Avbob Poetry: A creative lifeline in Women’s Month

This month, Avbob Poetry is celebrating women poets: “Melissa Sussens is a debut poet, writing strong and tender work about women’s reality – their love, mercy at work, and the relentless struggle against gender-based violence.”

You can read an interview with her here: A lifeline of creation in Women’s Month – with Melissa Sussens    

Melissa’s debut collection of poetry, Slaughterhouse, will be published by Karavan Press.

Cathy Park Kelly’s memoir, Boiling a Frog Slowly, shines a light on relational trauma, writes Joy Watson

David Whyte, the author of Consolations, reminds us that to be courageous is not necessarily to go anywhere or to do anything. It is to make conscious the things we already feel deeply and then to live through the unending vulnerabilities of its consequences. To be courageous is to seat our feelings deeply in the body and in the world, to be open to the unknown that begs us on. Boiling a Frog Slowly is an effervescent narrative of what happens when we dare to open up to the unknown, to move on. 

Daily Maverick Life

C.A. Davids interviews Karen Jennings for Electric Literature

When I think about writing, I think about words as stones and the end product as being a dry-stone wall or maybe a path made with stones. That is how the word should be; a path or a wall that everyone needs and everyone can use. You’re not picking up diamonds and creating a tiara for a few. This is the basic stuff of life: words and communicating. 

Electric Literature

Click here to read the interview: Electric Literature

“GAGMAN: Exposing the horrors through humour” by Jessica Abelsohn

Could you entertain the commandant if it meant your survival? Can we turn horror into art and, dare we say it, humour? This is the question that Gagman – a uniquely uncompromising book by revered cartoonist Dov Fedler and his daughter Joanne Fedler – poses.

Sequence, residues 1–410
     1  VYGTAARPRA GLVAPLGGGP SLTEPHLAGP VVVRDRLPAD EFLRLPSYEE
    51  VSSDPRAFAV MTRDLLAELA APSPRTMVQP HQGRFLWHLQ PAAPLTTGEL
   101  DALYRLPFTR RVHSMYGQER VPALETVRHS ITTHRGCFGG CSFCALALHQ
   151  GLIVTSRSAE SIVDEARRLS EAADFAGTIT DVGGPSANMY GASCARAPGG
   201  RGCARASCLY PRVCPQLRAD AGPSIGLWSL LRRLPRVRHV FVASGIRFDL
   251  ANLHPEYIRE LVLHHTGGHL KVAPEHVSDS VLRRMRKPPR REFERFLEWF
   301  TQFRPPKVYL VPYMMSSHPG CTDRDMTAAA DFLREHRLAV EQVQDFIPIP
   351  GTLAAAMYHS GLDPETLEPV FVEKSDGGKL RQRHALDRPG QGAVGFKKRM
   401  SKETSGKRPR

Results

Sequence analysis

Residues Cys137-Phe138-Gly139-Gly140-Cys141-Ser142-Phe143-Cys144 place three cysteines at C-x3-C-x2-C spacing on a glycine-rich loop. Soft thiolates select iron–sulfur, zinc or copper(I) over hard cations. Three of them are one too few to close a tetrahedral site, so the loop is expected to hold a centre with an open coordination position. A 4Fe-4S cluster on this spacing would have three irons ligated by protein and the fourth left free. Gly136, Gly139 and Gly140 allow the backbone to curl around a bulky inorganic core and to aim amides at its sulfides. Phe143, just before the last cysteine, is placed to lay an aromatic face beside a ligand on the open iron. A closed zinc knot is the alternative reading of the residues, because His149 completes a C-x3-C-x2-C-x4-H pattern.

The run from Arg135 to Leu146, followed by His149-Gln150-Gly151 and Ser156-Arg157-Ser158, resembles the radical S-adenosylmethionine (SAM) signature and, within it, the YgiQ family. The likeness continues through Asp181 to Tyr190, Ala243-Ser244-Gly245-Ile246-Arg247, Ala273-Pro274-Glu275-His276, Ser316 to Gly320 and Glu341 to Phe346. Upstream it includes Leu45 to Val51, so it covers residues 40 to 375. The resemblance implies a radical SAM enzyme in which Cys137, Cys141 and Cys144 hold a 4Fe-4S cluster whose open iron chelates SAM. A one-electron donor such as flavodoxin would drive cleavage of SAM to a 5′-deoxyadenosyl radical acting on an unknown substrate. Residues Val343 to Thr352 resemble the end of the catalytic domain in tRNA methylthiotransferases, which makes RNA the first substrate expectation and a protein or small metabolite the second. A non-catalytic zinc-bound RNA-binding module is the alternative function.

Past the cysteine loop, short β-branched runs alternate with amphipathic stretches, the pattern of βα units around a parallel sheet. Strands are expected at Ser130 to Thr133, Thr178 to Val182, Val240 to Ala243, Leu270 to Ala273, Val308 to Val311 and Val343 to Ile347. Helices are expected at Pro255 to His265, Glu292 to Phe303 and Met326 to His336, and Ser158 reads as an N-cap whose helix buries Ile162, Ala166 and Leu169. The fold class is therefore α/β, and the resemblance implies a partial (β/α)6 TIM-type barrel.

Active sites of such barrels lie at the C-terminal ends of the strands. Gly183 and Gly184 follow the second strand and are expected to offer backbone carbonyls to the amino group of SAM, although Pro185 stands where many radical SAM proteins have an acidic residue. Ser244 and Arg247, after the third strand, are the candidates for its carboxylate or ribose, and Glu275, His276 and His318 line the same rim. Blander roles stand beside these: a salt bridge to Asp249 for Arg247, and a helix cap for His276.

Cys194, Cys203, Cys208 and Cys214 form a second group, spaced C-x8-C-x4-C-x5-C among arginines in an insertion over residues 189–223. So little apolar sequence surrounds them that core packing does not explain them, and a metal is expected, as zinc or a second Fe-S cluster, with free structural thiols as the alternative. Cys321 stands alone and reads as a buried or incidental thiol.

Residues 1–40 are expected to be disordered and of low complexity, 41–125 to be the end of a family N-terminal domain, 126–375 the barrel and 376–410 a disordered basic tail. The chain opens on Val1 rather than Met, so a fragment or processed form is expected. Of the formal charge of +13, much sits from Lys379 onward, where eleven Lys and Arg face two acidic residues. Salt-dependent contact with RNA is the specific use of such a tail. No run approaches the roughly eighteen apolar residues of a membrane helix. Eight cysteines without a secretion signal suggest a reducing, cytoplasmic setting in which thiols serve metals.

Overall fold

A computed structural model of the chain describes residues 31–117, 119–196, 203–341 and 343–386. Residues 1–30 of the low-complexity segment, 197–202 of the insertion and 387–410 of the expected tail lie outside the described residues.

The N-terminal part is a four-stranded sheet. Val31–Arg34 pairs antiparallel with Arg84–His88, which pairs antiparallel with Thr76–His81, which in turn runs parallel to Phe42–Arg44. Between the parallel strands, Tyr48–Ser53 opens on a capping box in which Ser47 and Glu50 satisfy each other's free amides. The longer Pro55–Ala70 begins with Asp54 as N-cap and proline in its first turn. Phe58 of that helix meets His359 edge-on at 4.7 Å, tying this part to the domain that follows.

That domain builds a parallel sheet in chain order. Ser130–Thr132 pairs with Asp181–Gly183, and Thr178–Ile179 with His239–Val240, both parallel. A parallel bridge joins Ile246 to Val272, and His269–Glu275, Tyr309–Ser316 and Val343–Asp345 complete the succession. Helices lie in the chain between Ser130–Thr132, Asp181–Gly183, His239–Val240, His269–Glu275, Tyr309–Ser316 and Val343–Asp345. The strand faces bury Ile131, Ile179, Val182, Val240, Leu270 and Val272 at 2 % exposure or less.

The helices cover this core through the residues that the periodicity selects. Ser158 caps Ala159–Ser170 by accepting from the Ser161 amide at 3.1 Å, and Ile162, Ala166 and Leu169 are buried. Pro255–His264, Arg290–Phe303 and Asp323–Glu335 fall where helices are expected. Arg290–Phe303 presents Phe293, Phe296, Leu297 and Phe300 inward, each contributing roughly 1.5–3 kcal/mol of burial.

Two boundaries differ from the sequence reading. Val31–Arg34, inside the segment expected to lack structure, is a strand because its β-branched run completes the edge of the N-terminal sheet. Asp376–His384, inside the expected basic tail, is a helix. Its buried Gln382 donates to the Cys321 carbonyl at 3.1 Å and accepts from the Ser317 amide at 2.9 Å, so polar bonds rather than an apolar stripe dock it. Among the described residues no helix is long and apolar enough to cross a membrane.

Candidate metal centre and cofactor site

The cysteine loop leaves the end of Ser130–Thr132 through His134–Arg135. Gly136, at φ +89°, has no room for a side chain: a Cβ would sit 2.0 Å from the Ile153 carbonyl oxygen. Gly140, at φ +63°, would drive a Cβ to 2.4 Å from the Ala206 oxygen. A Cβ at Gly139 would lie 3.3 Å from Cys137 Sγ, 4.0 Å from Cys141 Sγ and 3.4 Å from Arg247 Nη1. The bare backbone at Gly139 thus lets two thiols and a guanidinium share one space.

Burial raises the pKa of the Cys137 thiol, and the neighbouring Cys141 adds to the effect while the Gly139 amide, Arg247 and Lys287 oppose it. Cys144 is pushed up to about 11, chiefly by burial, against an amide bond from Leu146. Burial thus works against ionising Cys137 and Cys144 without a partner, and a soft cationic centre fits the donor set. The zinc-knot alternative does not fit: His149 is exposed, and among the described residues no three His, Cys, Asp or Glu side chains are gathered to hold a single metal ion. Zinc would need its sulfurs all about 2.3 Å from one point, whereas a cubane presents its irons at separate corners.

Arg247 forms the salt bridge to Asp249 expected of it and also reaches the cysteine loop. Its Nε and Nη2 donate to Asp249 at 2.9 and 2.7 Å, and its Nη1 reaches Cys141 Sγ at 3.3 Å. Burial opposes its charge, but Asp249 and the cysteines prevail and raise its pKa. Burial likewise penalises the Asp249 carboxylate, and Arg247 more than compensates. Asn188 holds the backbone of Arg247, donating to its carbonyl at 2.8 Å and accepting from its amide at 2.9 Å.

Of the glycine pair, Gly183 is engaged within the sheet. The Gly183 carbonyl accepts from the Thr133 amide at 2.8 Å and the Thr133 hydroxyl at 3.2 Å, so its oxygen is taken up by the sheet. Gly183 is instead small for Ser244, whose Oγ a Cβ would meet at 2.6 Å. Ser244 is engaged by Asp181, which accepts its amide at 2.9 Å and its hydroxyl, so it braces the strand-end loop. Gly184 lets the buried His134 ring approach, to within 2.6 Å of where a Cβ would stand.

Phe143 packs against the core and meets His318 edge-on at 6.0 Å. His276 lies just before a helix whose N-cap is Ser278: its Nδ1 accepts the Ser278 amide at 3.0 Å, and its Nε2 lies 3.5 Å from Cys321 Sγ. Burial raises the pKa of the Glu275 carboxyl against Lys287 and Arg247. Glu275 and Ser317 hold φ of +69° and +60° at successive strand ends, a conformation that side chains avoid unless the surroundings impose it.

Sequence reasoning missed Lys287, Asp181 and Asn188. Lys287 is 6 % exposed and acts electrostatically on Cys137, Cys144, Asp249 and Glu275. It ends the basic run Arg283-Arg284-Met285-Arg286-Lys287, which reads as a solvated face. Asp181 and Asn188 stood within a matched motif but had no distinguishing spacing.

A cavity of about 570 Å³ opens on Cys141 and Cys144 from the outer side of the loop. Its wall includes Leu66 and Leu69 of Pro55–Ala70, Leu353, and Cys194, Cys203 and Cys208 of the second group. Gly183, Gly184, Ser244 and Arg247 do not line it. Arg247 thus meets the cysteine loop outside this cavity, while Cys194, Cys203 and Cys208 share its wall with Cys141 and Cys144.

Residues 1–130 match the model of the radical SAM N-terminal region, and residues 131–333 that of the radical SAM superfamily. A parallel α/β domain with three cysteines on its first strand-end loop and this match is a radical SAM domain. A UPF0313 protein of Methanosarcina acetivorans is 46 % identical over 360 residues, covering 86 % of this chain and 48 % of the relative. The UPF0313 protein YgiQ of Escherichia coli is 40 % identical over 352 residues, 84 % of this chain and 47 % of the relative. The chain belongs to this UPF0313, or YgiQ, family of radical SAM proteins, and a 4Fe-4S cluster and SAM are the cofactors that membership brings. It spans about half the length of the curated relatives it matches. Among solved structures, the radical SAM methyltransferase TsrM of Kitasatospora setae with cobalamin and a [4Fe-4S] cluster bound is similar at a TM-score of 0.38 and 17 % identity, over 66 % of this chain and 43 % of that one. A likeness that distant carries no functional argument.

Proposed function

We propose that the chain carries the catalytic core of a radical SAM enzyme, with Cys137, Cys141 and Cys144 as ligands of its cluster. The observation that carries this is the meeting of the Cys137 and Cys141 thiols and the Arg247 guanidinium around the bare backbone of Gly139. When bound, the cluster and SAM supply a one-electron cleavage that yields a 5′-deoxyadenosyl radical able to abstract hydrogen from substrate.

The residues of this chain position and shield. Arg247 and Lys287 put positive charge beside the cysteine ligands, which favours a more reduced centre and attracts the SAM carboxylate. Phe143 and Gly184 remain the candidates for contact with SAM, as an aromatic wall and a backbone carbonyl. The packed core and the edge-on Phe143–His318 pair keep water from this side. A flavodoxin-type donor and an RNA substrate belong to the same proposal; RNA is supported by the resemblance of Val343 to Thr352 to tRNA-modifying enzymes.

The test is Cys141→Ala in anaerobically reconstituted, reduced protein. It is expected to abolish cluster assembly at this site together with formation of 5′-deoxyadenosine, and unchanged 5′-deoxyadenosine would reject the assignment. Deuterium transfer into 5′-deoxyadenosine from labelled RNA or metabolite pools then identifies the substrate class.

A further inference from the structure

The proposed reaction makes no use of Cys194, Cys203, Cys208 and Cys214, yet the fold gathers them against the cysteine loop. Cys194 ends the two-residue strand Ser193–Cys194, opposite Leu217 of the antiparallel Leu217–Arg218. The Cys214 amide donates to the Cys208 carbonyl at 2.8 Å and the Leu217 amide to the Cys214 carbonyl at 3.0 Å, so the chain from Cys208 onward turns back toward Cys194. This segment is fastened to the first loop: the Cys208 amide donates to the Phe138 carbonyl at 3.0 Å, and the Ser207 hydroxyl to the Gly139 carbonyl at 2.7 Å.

Gagman is scattered with comedian’s notes. The first one opens with the lines: “You think you’re a tough audience? I’ve died more times than you’ve belched …”

It’s these words that set the tone for the book, a Holocaust story with a difference and its certainly not the kind of book one would associate with a political and satirical cartoonist. Yet, it is written and illustrated by acclaimed South African cartoonist Dov Fedler along with his daughter Joanne.

Continue reading: Australian Jewish News

Women power at Liberty Books

When Christy Weyer of Liberty Books mentioned the thematic connections she spotted between Cathy Park Kelly’s memoir, Boiling a Frog Slowly, and Penny Haw’s novel, The Wilderness Between Us, I was thrilled about the possibility of her exploring the themes in a conversation with the two authors. Last night, Christy made it happen, and it was magic! The three inspiring women spoke about relationships, abuse, survival and empowerment, and the people who gathered in the audience were enthralled.

Thank you, Christy, Cathy and Penny – and Liberty Books! And thank you to all who attended, especially those who shared their stories of abuse and survival.

We also celebrated the reprint of Cathy’s memoir, Boiling a Frog Slowly – congratulations, Cathy!

SA Jewish Report: ‘Dov Fedler’s Gagman makes its deadline’ by Peta Krost Maunder

When acclaimed veteran South African cartoonist Dov Fedler celebrated his 82nd birthday recently, he received a gift of the first copy of a book he had spent 35 years working on.

Titled Gagman, the book isn’t full of political and satirical cartoons as one would expect from Fedler, but a Holocaust story with a difference.

The book was conceived in 1985 when, said Fedler, “the story just jumped into my head” and he sat down and “wrote it in a flash”. The story is about a comedian in a concentration camp who survives by entertaining the commandant. “He would give his soul for a new joke,” said Fedler. “He knew that the moment he was no longer entertaining, he would die.”

Fedler said it took him until 1995 to understand where his idea had come from. “I was living on deadlines and every single day, I had to produce a cartoon and it had to be funny. If you break down the word deadline, you have dead and line. So, the story was a metaphor for myself times a thousand. It was me telling history and my story in a way.”

He revealed this recently in a video conversation with his daughter, Joanne, an accomplished author in her own right, and Lewis Levin, a family friend and the architect of the Johannesburg Holocaust & Genocide Museum.

“I felt like I grew up with Gagman,” Joanne said. “I remember my dad talking about him when I was a teenager and early adult. I remember writing a poem about him when my dad was 54, and now I’m 54.”

The project went on for many years and took on many iterations. “It wasn’t just the writing of the book but the many illustrations that took time, and it got to a point where it felt like the project was never going to come to fruition,” said Joanne.

Fedler battled to tell a story about someone who had lived through the camps, which wasn’t his own experience. However, the Holocaust certainly played a role in his life.

South African Jewish Report

Continue reading: South African Jewish Report